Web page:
Dirk Knemeyer

AI & Original Works of Art, April 14, 2016

If you think about how art schools work, they focus first on foundations and skills and fundamentals and you begin to learn a lot of different ways to create. The AI is learning different skills and different fundamentals and different tools and ways to create. The interesting question is how far are we away from the AI creating things that are uniquely its own based on the synthesis of many different styles and skills that it has developed beforehand? It probably is decades, meaning low ten to twenty years, as opposed to three to four, but it’s coming. Not too far away. It’s definitely coming, and how will you feel then?

Art is … I don’t think it’s so much an expression of the world around us as it’s an expression of the context that we have been exposed to and how we process and react to it. It happens that as humans and the way we live our life as humans, the context that we’re exposed to encompasses a great deal of data that seeps into many aspects of the world, at least in some limited geographical, cultural context.

The amount of context that machines will have in the future is going to grow exponentially. Right now the context of expression of the world that a computer would turn into art is a mash up of Picasso and Michelangelo and Rembrandt, or whomever, without the greater understanding of the world and place and the many things that inform human art. It’s inevitable that that context will be a part of artificial intelligence in the future.

At the point it has all of that context to go with the skills, it’s going to be doing what we do. I believe in hard determinism, so I believe that the things that we do are an inevitable, and if we had machines powerful enough to do so, even predictable synthesis of basically all of our nature and nurture up until that point, and as we interact with the world itself. The idea of free will and the human spirit, I think that those are clumsy ways of explaining things that we don’t have computational power enough to understand.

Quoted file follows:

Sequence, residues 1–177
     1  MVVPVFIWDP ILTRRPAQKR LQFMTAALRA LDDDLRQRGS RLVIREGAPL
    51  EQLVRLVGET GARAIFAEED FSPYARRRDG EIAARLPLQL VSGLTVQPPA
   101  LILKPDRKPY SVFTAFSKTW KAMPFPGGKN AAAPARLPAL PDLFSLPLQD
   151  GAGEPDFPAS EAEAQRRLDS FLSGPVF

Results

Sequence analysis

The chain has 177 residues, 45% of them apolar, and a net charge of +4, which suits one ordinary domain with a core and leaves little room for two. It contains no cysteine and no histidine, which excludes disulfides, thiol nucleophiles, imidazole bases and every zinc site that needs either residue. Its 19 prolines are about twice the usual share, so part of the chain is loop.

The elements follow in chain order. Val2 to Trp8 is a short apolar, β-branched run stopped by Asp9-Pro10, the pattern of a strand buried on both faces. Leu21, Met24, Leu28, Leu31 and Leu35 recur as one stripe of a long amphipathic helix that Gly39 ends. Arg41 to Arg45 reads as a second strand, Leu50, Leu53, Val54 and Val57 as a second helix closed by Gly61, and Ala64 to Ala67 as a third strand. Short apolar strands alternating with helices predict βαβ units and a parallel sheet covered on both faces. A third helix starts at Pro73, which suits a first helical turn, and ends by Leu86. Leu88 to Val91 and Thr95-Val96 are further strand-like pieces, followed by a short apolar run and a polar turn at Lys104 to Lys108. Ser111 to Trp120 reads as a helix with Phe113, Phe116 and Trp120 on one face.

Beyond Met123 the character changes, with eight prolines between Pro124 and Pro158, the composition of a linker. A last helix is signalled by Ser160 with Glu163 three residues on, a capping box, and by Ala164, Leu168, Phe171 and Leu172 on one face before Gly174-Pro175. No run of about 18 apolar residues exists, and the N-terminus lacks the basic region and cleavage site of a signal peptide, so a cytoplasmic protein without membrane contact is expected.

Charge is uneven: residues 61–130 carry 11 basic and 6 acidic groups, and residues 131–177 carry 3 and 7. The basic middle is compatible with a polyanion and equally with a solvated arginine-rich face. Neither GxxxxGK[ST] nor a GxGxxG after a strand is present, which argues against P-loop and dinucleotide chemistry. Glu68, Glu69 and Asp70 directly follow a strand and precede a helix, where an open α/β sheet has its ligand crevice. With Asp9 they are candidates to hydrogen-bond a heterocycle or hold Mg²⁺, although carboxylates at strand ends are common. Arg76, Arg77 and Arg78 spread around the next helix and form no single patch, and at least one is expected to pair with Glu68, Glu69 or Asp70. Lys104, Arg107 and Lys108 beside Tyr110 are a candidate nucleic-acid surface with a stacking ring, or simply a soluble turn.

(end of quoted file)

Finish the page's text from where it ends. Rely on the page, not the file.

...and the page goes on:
I think that AI and machines are being built in the model and mode of humans but with computational power that will continue to be orders of magnitude higher than we ourselves have. They’re taking our place as operational actors in many different ways, from a technological perspective, is an inevitability. The question is will things be done artificially from a social, legal perspective to prevent that operational eclipse of humans guiding the world. To me that’s the big question and unknown.

As far as computers being able to create original art in this dramatic, idealistic, lovely way that we think of human artists creating, I think it’s asked and answered and it’s coming. It’s just how long will it take the nerds to take to program the machines properly to be able to do that? It will probably be faster than we think.